New York Times’ A. O. Scott Weighs in on Short Story as Rising Phoenix and the Kindle as the Wind Beneath Short Fiction’s Wings

Hunched over laptops or head in hands, elbows on scribbled messy notepads, as we pour blood sweat and tears into our manuscripts, technology raps on our windows, urging us to take a glimpse of the tectonic shifts shaping our literary landscape. The latest volcanic rupture, Amazon’s Kindle, Sony Reader, and other hand-held biblio-tech devices. From A.O. Scott’s article in the NY Times:

The new, post-print literary media are certainly amenable to brevity. The blog post and the tweet may be ephemeral rather than lapidary, but the culture in which they thrive is fed by a craving for more narrative and a demand for pith. And just as the iPod has killed the album, so the Kindle might, in time, spur a revival of the short story. If you can buy a single song for a dollar, why wouldn’t you spend that much on a handy, compact package of character, incident and linguistic invention? Why wouldn’t you collect dozens, or hundreds, into a personal anthology, a playlist of humor, pathos, mystery and surprise?

The death of the novel is yesterday’s news. The death of print may be tomorrow’s headline. But the great American short story is still being written, and awaits its readers.

To read the article in its entirety:

Narrative and One Story now offer Kindle editions of their latest stories and issues. Other journals and reviews are sure to wisely follow suit. Do you own a Kindle, iPhone, or Sony Reader? How has your new-fandangled gadget changed your experience as reader? How do you suppose it will/is change(ing) our role as writers? Care to post a rebuttal to Scott’s argument of short story as rising Phoenix? We’d love to hear your thoughts.



  1. I sure hope so. I’m equal parts optimistic and pessimistic on this. Yeah, I think riding the tide of technological progress is the way to go, but I wonder just how far it can be ridden. For a revival of short stories, it can’t just be the literary elite buying in. A bigger sample of the masses need to buy in as well. And the skeptic in me just cannot see the masses realistically downloading short stories. Ultimately literary short stories (I’m assuming Scott is not talking about genre fiction here) just have the un-hip distinction (wrongly or not) of being academic (that is, to a culture with a firmly “pop” identity). As such, it has the stigma of terminal unpopularity. In other words, you can dress up a school textbook using any newfangled technique, but in the end it’s still a textbook and you won’t be pulling wool over any student’s eyes. But with that said, I hardly think short stories will go extinct any time soon. So long as there are those persistent writers of the form who can double as readers of others’ works, the supply will always be there, albeit in a limited capacity. Actually, I rather like the “indie” status literary short stories currently have. It’s that relative lack of popularity that imbues the genre with exceptionalism. So long as it doesn’t teeter on becoming a complete cultural cipher, I think it’s a-okay.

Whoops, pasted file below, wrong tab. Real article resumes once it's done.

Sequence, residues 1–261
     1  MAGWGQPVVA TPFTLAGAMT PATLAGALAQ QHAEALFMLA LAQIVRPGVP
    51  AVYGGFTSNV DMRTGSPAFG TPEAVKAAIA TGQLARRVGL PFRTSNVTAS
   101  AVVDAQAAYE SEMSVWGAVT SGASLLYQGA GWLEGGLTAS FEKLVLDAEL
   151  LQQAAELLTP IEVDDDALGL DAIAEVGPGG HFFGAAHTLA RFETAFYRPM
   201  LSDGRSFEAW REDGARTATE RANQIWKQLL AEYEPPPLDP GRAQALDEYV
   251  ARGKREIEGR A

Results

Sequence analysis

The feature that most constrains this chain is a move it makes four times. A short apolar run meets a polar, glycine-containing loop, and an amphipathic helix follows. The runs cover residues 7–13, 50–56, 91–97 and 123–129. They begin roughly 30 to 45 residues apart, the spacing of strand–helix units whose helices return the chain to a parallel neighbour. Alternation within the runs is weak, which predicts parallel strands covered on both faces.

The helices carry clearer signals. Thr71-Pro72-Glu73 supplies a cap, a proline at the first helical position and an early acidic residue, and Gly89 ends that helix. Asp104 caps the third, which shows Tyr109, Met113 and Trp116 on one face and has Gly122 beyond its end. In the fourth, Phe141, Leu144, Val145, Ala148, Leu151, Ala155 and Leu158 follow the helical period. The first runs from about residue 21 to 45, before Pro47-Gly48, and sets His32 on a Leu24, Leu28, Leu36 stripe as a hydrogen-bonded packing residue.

2. I love the idea of short stories as ubiquitous as music on the iPod. MP3s allow us to literally have a soundtrack as we live our life, Beck for jogging, Cibelle while grocery shopping, and Oscar Petersen while waiting in line at the ATM. We’re able to pick a song or audio book/chapter, for that matter, for every ordinary moment or special occasion with literally the touch of our fingertips. Now we have parallel narratives slicing into our daily reality, blurring the lines of imagination with our mundane everyday?

    And how can these hand held short stories be more interactive with the environments we tote them into? I imagine we could create Choose Your Own Interactive Adventure with texts. Follow the footsteps of Phillip Marlowe and twitter our experience as text annotations, purchase the same comic books at the same store as Oscar Wao, and listen to the same music as Archie Jones while reading his sad sob story. All you have to do is click a link embedded in text to direct you to store location or book soundtrack or social networking site. Despite the dangers of product placement in fiction, which is already long practiced, I’m anxiously curious about the endless possibilities of narrative evolution in this digital respect.

    The idea of a playlist of stories, creating our own anthologies, mixing Gogol with Doerr, Tower with “The Wife of Bath” how novel! The flip side is the size of the screen, which surely affects style, prose, and therefore content. I keep thinking of the Japanese cell phone text novels. I can’t remember their specific name, but those very short narratives crammed with lots of slang, even emoticons, if memory serves, to tell coming of age tales of rural youth, particularly girls. The medium invariably dictates the structure. In that case, how will the structure of short stories evolve or devolve with these hand held devices?

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